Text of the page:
Complex organizations are placed in a rapidly changing environment, so the process of solving a business problem, introducing a product, or reengineering a process requires constantly seeing the world in a new light and acting accordingly. It is not surprising then that we are talking about organisations as learning machines.
So, how do we implement that? Why not start at a micro level – having retrospective meetings.
Retrospective meetings have their basis in theory of agile methods. The idea is looking for lessons learned and methods of improvement. During this meeting, the team considers what went well, what didn’t, and what improvements could be made in the next sprint. So, rather than defining the process in retrospective meeting, you ask questions like
- What did we do well?
- What did we do less well
- What still puzzles us
When you define problems or opportunities, actions should be quickly and efficiently transferred. To add on that, there is always a question of measurement. You need good tools for assessing an organization’s rate and level of learning to ensure that gains have in fact been made.
Visuals of retrospective meetings
By using agile approach in retrospective meetings, each team member is asked to identify specific things that the team should:
- Start doing
- Stop doing
- Continue doing
Use a variety of colors to make topics easier to follow
So, the meeting is usually consisted of participants sitting across the room from each other, or from the wall where the activity output is displayed. Participants should write using a marker pen instead of an ordinary ballpoint pen. Markers tend to have thicker tips and use more ink than their ballpoint alternatives, which significantly improves visibility. They help to brighten up the activities and keep it more engaging. Colors also help people feel like retrospectives are different from other meetings.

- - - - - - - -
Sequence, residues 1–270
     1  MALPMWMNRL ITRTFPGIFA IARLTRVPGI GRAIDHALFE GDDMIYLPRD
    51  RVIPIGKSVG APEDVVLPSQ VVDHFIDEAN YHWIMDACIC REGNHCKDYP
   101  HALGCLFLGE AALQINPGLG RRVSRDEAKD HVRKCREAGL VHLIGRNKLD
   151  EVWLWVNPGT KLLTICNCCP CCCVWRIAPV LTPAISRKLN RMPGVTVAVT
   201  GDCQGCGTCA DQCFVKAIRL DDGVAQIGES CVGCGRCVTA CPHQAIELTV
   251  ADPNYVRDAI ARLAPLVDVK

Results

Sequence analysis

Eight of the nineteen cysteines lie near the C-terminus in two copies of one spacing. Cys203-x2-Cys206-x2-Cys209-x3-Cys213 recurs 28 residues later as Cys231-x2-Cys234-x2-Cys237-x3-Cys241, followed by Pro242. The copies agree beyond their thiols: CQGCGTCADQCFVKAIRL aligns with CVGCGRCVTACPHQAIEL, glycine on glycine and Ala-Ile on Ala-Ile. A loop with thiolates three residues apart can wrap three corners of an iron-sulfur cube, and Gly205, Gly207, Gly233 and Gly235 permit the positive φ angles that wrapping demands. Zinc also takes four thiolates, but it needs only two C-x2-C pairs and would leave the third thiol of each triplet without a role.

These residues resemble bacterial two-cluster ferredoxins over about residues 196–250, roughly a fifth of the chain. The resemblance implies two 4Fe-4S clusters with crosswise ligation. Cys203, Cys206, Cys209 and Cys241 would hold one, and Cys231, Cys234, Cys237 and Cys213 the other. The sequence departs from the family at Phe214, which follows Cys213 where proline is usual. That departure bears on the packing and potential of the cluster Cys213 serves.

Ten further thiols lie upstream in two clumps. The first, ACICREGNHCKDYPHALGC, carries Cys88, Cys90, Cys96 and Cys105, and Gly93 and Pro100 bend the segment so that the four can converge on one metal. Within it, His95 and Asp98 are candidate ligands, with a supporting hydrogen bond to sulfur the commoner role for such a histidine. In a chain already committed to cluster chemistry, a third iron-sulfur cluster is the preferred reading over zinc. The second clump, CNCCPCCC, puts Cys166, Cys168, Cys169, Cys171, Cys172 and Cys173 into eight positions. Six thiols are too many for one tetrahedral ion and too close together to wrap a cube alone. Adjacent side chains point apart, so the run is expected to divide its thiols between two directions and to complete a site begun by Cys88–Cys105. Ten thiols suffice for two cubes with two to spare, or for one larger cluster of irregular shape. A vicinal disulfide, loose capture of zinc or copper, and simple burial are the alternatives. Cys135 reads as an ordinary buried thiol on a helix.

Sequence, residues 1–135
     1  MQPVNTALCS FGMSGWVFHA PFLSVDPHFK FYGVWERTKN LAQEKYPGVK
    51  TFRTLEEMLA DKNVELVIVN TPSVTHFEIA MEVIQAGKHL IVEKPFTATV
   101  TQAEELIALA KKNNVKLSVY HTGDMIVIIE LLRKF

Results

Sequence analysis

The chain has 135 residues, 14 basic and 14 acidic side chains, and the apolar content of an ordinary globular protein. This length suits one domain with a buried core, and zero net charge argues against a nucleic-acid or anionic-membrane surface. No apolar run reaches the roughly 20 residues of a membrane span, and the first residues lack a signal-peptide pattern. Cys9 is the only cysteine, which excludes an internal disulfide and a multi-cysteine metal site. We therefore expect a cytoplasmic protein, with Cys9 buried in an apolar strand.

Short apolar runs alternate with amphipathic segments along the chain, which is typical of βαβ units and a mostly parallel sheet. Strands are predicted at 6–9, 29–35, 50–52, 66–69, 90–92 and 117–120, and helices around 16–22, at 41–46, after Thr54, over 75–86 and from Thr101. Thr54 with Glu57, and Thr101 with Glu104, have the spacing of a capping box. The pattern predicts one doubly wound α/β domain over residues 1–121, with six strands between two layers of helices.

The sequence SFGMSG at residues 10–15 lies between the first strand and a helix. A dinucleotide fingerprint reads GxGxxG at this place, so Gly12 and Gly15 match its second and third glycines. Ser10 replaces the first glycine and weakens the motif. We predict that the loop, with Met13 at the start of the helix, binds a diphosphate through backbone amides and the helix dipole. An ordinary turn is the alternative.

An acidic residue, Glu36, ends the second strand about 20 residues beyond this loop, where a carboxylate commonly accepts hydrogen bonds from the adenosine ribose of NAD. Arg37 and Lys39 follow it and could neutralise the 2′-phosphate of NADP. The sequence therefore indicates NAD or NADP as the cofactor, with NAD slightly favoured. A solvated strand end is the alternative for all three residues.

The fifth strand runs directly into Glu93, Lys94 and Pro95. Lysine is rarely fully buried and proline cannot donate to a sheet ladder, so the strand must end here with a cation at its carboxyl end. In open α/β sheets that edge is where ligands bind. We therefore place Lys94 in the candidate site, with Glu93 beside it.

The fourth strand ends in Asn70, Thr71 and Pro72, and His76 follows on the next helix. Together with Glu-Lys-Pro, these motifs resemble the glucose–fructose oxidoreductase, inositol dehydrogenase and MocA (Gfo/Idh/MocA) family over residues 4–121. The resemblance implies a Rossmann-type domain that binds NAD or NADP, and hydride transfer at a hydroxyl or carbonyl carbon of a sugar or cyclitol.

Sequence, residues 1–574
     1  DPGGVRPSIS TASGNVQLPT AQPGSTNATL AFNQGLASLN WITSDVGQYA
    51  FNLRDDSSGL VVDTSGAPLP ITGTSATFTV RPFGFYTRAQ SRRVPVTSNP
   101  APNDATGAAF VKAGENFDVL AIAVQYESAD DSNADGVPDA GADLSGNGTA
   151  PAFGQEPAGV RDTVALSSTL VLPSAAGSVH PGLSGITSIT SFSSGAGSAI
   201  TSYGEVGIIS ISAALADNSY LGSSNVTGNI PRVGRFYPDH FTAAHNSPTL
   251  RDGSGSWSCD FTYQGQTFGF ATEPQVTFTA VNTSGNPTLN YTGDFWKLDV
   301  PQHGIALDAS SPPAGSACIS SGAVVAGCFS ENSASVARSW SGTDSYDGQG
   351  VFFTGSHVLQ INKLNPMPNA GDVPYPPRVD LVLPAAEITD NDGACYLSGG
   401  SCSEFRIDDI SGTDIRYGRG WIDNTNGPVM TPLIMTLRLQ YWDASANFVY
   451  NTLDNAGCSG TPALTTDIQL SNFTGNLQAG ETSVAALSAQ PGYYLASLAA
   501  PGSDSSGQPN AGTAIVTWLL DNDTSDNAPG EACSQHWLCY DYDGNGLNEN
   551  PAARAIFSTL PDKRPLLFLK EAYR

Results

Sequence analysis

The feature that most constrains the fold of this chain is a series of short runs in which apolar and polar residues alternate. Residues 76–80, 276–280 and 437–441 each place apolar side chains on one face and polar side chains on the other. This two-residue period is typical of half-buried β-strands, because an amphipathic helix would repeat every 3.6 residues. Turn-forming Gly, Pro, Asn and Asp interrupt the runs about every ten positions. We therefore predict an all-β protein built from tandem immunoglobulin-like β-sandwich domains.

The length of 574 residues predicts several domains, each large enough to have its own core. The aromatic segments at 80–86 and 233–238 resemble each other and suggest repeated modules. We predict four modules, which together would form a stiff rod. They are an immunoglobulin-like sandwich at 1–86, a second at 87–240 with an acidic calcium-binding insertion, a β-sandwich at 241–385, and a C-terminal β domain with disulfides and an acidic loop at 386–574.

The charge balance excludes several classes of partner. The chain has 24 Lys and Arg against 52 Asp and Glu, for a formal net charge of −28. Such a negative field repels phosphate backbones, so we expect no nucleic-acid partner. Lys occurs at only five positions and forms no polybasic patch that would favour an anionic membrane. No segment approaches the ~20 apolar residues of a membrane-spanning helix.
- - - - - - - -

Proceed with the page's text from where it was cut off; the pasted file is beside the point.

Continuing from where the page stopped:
Prepare the equipment. There’s nothing worse to spending half of your meeting searching for pens and markers
Use materials such as whiteboard markers, or flip chart paper. Always bring supplies such as tack or tape to hang materials so that you don’t have to resort to flipping through pages of a flip chart. Displaying materials helps participants visualize progress throughout the retrospective and is an easy way of referring back to previous points.
Break the corporate atmosphere – get into creative and open mode
Ask participants to think back to the last iteration and to draw a picture that summarizes their feeling about how it went. Given a short time limit and the average person’s drawing abilities, most pictures end up being rather abstract, made up of circles, boxes and lines with the occasional stick figure.
When using stickynotes, paper, physical whiteboards – bring a camera
Take a number of pictures of a flip chart, wall, or the room from different angles so you can choose the best image later. Taking photos is an effective way of capturing retrospective outputs and is much quicker than transcribing each and every word written up.
Adjust the meeting for a distributed team
There are practices in distributed retrospective where you have people calling in from various remote locations to the rest of the group. In one practice, a team allowed three extra chairs for the remote team in the meeting room, and on each chair was a large cuddly toy with a life-sized headshot photo attached to represent each of the people calling in. One team member, physically present in the retrospective, enthused about the interesting effect it had on the retrospective:
“It really felt like the three team members were present in the room. I think we were quicker to stop and listen to them when they spoke over the phone, as we imagined them physically being in the room.”
Pass along the people token to make sure everyone is involved
We at Deekit use the online collaborative whiteboard to capture everyone’s input. But everything is better when Mr. Bear is present, isn’t it?!
Retrospectives offer you and your team a safe haven for introspection and often prove to be the catalyst for change, and you can evolve your way to excel in any situation. All in all, try to make it less formal and look for manual activities that require people to build, draw, paint or construct a visual model.
Learn more on Retrospective wiki or books such as The Debrief Imperative by William Duke, Agile Retrospectives by Esther Derby and Diana Larsen. We also suggest following Linda Rising and her articles on retrospectives and agile development.